The account of Israel in Numbers 30-33 provides a view of how God further prepared Israel for the conquest of Canaan. Here the text ties up some loose ends—matters needing clarification before Israel received final instructions for life in Canaan in Numbers 33-36. While upon first glance the issues addressed in Numbers 30-33 may not seem related, each is an appropriate manifestation of the holiness of Israel’s God, the holiness Israel was to reflect.
Israel was to demonstrate holiness in their vows (Numbers 30). The overriding principle of the chapter is that God takes vows seriously and thus they must be kept. Yet women under the authority of a man could be freed from their vow if the one over her prohibited the vow straightway (Num 30:5, 8, 12-15). The summary of regulations about vows, especially as they pertained to the vows of a woman in the family unit, was concluded: “These are the statutes that the LORD commanded Moses concerning the relationship between a man and his wife, or between a father and his daughter in his house during her youth” (Num 30:16).
Israel’s vengeance against their enemies was to be rooted in God’s holiness (Numbers 31). The war with Midian was to be Moses’ final leadership task (Num 31:1-2). Under the direction of Eleazar, an Israelite band killed the five Midianite kings, plundered their property, burned their cities, and brought the spoils of war to Moses (Num 31:3-12). Upon hearing that the warriors had not executed vengeance on the Midianite women who had led to the deaths of 24,000 Israelites (see Numbers 25), Moses was infuriated (Num 31:13-18). In Moses’ opinion, the soldiers lack of zeal was an affront to God’s holiness. The remainder of the chapter records how everything associated with the attack—the Israelite warriors (Num 31:19-20), the spoils of Midian (Num 31:21-47), and the gold articles each man found (Num 31:48-54)—had to be sanctified unto the Lord.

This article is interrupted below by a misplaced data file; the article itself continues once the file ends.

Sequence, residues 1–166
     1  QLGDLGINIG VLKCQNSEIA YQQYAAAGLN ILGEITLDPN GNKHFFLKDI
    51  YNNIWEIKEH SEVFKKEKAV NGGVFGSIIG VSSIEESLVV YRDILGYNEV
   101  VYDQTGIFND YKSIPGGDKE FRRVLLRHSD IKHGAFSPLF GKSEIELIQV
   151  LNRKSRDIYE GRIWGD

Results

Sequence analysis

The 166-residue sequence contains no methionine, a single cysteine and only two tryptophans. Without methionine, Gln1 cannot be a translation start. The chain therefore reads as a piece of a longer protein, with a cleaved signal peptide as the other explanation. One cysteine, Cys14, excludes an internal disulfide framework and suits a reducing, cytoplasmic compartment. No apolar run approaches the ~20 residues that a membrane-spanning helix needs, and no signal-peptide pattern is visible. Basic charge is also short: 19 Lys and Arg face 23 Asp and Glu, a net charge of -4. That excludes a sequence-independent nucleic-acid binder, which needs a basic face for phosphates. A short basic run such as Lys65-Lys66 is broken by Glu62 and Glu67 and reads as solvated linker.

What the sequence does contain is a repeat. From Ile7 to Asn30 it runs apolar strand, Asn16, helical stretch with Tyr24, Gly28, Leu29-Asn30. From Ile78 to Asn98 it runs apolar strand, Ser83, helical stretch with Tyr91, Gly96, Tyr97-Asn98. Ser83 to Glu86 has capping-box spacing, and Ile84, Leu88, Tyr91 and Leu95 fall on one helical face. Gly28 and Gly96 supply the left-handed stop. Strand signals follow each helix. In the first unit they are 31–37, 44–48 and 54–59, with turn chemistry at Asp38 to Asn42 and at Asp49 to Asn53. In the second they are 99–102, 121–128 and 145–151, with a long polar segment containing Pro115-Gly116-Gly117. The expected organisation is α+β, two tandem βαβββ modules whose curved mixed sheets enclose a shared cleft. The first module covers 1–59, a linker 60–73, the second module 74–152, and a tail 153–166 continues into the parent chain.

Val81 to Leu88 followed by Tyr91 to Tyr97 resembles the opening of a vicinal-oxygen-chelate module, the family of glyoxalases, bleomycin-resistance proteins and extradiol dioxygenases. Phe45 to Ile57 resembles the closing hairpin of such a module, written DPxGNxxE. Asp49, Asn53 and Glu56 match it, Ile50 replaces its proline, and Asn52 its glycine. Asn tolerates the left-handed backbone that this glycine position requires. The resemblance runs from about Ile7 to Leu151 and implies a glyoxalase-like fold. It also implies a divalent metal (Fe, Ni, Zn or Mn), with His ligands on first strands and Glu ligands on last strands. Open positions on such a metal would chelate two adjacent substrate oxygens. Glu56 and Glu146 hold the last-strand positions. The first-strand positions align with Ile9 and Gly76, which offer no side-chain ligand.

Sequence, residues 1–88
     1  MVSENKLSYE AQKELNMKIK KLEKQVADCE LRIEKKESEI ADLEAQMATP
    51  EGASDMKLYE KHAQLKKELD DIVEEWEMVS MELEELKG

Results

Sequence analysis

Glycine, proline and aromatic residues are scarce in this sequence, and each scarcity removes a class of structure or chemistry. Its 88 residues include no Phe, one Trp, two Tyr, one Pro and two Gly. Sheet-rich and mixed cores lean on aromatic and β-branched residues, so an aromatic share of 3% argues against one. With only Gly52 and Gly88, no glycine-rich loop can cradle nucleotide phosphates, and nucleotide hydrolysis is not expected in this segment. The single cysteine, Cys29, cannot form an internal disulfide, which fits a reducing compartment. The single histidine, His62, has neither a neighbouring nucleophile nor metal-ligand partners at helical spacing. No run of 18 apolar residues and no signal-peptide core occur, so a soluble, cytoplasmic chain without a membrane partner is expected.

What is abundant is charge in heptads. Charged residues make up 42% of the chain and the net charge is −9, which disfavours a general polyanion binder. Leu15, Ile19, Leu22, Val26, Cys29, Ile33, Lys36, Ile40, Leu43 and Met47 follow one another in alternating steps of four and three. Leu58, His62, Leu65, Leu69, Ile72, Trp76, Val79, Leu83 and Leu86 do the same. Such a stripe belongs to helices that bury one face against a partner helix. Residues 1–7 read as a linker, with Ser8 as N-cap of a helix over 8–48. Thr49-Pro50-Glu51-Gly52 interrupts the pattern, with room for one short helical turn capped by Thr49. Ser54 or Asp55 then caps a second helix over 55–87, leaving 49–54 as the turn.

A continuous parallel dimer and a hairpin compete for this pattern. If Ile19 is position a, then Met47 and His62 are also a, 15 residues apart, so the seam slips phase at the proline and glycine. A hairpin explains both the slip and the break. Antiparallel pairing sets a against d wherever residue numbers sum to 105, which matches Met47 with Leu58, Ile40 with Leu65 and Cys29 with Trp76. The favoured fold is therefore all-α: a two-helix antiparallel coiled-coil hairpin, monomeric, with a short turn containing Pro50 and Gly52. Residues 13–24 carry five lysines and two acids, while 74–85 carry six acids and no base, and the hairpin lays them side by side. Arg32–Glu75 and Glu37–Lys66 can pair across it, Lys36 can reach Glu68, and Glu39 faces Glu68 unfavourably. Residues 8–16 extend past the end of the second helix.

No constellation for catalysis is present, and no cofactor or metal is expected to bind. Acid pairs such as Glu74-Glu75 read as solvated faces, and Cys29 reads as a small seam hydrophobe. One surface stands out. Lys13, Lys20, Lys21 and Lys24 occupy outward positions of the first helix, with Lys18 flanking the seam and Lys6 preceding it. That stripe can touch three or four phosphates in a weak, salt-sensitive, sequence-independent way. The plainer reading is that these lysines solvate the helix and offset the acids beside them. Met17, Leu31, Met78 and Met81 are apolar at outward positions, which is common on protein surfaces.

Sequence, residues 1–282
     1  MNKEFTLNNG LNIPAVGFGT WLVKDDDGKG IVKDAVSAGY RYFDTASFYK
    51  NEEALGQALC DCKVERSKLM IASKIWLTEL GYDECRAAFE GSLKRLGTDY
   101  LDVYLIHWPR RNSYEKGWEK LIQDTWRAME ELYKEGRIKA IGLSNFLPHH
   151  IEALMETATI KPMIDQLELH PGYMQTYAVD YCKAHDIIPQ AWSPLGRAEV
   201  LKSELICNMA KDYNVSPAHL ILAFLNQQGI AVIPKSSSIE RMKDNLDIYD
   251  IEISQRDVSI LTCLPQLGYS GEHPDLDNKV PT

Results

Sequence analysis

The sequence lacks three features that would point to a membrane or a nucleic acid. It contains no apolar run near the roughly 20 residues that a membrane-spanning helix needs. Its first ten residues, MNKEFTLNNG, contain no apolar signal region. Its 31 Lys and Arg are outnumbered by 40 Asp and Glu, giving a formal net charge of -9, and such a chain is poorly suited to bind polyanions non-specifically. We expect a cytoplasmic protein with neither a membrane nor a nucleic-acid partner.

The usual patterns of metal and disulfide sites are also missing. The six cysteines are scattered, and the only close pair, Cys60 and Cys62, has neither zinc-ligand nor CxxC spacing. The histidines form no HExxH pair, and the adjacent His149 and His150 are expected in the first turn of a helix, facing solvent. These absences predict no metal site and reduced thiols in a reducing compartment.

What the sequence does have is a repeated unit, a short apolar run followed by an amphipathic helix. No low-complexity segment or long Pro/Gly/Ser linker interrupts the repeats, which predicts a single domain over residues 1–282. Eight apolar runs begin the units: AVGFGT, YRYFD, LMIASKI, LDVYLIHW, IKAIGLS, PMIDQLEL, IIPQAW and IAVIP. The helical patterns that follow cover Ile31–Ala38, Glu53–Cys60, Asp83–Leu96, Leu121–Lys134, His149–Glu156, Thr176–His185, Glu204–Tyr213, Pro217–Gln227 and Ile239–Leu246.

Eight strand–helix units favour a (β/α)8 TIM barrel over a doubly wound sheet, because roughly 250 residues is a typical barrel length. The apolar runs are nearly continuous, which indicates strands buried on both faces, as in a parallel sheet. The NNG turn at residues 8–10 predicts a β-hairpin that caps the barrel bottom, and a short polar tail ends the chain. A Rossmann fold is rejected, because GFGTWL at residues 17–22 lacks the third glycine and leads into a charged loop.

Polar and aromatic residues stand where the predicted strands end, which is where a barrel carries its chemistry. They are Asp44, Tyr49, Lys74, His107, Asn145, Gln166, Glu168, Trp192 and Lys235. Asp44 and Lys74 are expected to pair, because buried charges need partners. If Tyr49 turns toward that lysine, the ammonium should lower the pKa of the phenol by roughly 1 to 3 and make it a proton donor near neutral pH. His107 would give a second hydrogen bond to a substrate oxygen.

Israel’s holy status unto the Lord was to shape their unity as a people (Numbers 32). When the Reubenites and Gadites originally approached Moses, Eleazar, and the leaders of the community with the request to settle in the livestock-friendly Transjordan plains, they were met with severe opposition (Num 32:1-15). Moses had interpreted their request in light of the report of the doubtful spies (cf. Numbers 13). But upon receiving the pledge that these tribes would remain united in the conquest, Moses commanded Joshua and Eleazar to see that the request of the tribes was granted (Num 32:16-38). The half-tribe of Manasseh drove out the Amorites of Gilead and settled there (Num 32:39-42). Within the diverse preferences of the community, Israel was to remain a united people—holy unto the Lord.
God had demonstrated His holiness in sustaining Israel throughout their journey from Mount Sinai to Canaan (Num 33:1-49). The review of the wilderness travels is a breathtaking statement of God’s ability to protect, purify, and provide for His own. The final segment records the forty-year travel log—time enough for a generation to pass (Num 33:37-49). Numbers 33 concludes with reminders for Israel to remember their holy God as they take the land: “You are to take possession of the land and settle in it because I have given you the land to possess” (Num 33:53); “But if you don’t drive out the inhabitants of the land before you, those you allow to remain will become thorns in your eyes and in your sides; they will harass you in the land where you will live. And what I had planned to do to them, I will do to you” (Num 33:55-56).
In the storyline of Scripture, Jesus’ teaching in the New Testament contrasts with some of these ideas in Numbers 30-33. In the Sermon on the Mount, Jesus spoke against vows altogether (Matt 5:33-37) and commanded love instead of vengeance (Matt 5:43-48). Nowhere in the Gospels did Jesus instruct His followers to attack a people and plunder their land. What should the reader make of this? Jesus’ entrance into the world brought a new era. Jesus manifested God’s holiness in the flesh (see John 1:1, 14-18; Col 2:9) and marked a shift in redemptive history. Since God’s kingdom is Christ-focused and no longer Canaan-focused, territorial vows and national vengeance have lost their place as acceptable means of showing devotion for our Holy God. Paul summarized Christian ethics by stating “What matters is faith working through love” (Gal 5:6).